USAID, through its Supporting Forests and Biodiversity project, is today providing 140 sets of forest ranger patrol equipment to rangers located in four significant forest landscapes. We will also provide training on how to use this equipment to forest rangers in Prey Lang, Tonle Srepok, Phnom Prich, and Chheab Wildlife Sanctuaries. We are confident that the Ministry of Environment and the Provincial Departments of Environment across the five provinces will use this equipment to protect these four wildlife sanctuaries.
This program was awarded to PricewaterhouseCoopers to continue providing supply chain systems strengthening support to the government through PEPFAR, with the ultimate goal of expanding health coverage and achieving an AIDS-free generation.
The solar power industry in Cambodia is at a nascent stage, but it has a very bright future. This workshop will demonstrate that solar energy is already economically viable in Cambodia and can boost the supply of energy during the dry season. We are here today to build the foundation that will help solar power become a significant contributor to Cambodia’s energy security. This workshop will also review the technology needed to connect solar energy into Cambodia’s grid. It will look at the technological options and cost for various types of solar energy Photovoltaic, otherwise known as “PV.” Finally, this workshop will help us promote clean energy investment in Cambodia.
Your Excellency President Mulatu Teshome, Your presence here today is testament to how important the work of the African Fine Coffees Association is for Ethiopia, as well as for the continent as a whole.
Cambodia has been on a steady path towards development for over 20 years, having achieved many important milestones. Significant improvements have been made in the quality of the country’s healthcare resulting in better health for its people. Important gains have been made in maternal and child health, and in the fight against infectious disease, including tuberculosis and malaria.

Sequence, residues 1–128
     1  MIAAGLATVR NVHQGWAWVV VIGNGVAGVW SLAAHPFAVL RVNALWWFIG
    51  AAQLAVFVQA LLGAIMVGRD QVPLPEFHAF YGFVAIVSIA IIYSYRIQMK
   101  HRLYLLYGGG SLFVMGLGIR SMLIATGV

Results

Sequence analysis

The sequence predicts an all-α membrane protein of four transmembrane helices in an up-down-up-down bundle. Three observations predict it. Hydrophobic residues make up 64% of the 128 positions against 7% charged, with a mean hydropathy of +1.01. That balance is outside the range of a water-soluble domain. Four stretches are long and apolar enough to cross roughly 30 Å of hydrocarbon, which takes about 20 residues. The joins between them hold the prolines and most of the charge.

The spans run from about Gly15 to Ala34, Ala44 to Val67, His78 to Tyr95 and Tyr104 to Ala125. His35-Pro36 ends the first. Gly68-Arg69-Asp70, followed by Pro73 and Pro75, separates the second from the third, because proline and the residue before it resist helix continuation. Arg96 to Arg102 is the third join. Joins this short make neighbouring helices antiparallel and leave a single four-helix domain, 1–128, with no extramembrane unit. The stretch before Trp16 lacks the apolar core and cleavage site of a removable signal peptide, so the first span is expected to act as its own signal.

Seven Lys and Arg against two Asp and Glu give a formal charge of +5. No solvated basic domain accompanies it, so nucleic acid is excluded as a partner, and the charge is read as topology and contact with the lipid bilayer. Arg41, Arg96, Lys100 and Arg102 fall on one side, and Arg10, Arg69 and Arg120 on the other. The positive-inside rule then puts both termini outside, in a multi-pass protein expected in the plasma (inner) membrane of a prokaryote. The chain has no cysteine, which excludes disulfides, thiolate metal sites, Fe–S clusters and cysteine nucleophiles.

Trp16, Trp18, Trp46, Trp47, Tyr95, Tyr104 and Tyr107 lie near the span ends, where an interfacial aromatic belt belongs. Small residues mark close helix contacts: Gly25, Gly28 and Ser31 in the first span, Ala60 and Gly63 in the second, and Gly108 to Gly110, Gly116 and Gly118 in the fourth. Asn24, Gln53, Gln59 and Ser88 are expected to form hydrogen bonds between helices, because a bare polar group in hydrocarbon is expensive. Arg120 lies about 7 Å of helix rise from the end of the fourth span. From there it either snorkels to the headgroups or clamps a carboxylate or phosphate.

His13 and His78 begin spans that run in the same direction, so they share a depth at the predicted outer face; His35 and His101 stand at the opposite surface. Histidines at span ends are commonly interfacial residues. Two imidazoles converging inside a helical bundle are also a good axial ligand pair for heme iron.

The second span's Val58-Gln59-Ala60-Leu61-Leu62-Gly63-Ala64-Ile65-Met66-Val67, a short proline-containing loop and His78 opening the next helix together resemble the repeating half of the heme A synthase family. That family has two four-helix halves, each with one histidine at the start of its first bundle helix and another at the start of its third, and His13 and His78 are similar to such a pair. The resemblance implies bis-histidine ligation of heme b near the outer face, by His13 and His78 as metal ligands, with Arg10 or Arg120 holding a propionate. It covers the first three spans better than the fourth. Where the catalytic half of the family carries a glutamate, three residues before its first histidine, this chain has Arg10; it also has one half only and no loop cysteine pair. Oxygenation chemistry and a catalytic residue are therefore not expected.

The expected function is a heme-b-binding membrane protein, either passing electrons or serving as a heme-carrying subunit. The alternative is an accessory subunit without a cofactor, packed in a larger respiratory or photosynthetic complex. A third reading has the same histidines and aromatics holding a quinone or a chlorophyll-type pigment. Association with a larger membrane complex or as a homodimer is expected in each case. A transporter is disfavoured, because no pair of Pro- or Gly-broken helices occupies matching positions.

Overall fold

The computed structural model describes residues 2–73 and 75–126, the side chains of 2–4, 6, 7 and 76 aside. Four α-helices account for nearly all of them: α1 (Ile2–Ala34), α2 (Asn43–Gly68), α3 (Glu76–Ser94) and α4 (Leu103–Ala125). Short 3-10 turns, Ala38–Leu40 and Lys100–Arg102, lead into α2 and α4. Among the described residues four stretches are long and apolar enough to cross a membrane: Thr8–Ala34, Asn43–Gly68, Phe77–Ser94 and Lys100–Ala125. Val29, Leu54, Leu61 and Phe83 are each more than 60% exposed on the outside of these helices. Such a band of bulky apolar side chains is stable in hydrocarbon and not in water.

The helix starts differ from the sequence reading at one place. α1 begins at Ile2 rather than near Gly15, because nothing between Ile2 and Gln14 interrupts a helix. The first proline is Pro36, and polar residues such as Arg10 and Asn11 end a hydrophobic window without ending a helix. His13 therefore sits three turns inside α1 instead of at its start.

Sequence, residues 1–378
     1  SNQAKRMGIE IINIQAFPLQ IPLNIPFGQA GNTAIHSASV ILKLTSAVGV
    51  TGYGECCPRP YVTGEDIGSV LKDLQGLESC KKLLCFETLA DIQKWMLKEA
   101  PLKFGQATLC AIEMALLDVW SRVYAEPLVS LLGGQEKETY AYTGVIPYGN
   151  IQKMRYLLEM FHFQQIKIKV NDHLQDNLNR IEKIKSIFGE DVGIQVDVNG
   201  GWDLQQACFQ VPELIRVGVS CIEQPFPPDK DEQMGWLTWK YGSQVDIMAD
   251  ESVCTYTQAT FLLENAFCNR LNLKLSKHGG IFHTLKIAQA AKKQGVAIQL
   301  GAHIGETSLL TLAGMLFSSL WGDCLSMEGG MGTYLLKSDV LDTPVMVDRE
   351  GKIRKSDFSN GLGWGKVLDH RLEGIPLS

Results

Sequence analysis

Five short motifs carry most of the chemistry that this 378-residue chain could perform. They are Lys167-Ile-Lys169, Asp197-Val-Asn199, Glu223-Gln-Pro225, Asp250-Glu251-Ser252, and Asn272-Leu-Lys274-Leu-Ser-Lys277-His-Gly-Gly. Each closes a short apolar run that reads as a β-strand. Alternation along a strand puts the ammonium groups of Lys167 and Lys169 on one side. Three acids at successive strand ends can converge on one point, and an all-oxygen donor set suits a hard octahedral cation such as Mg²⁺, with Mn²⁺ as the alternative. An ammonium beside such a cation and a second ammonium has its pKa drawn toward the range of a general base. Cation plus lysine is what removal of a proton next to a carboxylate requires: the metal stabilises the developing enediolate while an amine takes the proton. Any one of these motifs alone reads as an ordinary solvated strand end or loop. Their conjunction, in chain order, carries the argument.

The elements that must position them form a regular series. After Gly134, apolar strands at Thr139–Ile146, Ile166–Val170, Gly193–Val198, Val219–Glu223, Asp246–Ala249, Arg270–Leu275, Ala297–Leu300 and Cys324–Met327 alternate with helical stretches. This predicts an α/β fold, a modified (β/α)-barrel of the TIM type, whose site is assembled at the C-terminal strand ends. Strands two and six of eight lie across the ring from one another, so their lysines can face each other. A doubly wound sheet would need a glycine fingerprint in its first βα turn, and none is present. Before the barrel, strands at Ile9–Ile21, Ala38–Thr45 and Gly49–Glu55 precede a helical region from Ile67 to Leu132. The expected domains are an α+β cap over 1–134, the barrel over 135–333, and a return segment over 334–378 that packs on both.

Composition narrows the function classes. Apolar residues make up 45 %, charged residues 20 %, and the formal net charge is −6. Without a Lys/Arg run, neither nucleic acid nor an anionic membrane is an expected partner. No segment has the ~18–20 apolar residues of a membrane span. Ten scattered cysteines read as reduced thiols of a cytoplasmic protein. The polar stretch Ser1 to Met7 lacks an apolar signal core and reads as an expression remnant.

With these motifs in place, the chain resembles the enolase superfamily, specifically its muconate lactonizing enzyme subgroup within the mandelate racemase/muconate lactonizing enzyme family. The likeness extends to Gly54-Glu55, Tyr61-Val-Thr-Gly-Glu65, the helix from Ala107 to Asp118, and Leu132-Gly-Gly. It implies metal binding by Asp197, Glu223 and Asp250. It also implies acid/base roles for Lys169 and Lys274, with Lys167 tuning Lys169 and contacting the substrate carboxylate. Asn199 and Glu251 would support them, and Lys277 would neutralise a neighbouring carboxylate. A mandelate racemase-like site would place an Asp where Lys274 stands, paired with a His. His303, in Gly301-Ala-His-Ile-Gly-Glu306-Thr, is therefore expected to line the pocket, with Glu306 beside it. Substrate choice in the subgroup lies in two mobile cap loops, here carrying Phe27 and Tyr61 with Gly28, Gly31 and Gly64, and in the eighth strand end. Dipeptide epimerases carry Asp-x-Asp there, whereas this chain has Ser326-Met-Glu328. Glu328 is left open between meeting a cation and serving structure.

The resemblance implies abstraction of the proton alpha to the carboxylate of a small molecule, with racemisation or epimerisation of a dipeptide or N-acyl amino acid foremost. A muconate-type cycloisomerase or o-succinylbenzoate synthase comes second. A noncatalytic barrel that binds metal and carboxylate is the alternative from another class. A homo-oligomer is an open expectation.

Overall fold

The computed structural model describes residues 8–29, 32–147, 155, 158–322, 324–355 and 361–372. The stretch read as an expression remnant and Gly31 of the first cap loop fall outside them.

As Cambodia continues down its path of democracy, the relationship between elected representatives and their constituents has become increasingly important Cambodian citizens now have a better understanding of the roles and responsibilities of their elected representatives at the national and local levels.
My congratulations to the Ministry of Health and the Health Professional Councils who have worked with many to make this law a reality. I commend the Councils’ leadership and I encourage all of you to continue to work together to support the implementation of this new law. The passing of this new law marks an important milestone. It demonstrates Cambodia’s commitment to strengthening health professions and ensuring the quality of health services around the country. It will also help the Councils by strengthening their partnership with the Ministry of Health - particularly the provincial government - and health development partners.
Thank you for the opportunity to be with you for the launch of the “Wonders of Mekong project: A Foundation for Sustainable Development and Resilience”. It is my pleasure to have another opportunity to celebrate our partnership between the Royal Government of Cambodia and the United States. The goal of this particular project is to research and document the internationally significant natural and human capital assets of the Mekong and to demonstrate how conservation, that is, stewardship of Cambodia’s river and lake systems, is vital to Cambodia’s economic growth and the well-being of its people. We will need your dedication, determination and a real commitment to secure the success of this project.
Our coming together today provides a great opportunity to reflect on how truly wonderful the Mekong is, on the advances Cambodia is making for its conservation and on how together we will continue to strengthen the health and vibrancy of the river for the people of Cambodia, the region and even the globe.
HIV Prevention and Sexual and Reproductive Health and Rights for Adolescent Girls and Young Women: Eastern and Southern Africa Regional Consultation 1-3 February 2017, Windhoek, Namibia
The right to education is universal and extends to all children, youth, and adults. We all know that every child is unique and different. They have different abilities, learn in different ways, and at different paces. The majority of children with disabilities in developing countries are currently out of school, while many of those enrolled are not learning. Making sure boys and girls with disabilities can go to school and learn is a prerequisite for country to reach its full potential and have inclusive economic growth.
Last updated: March 23, 2017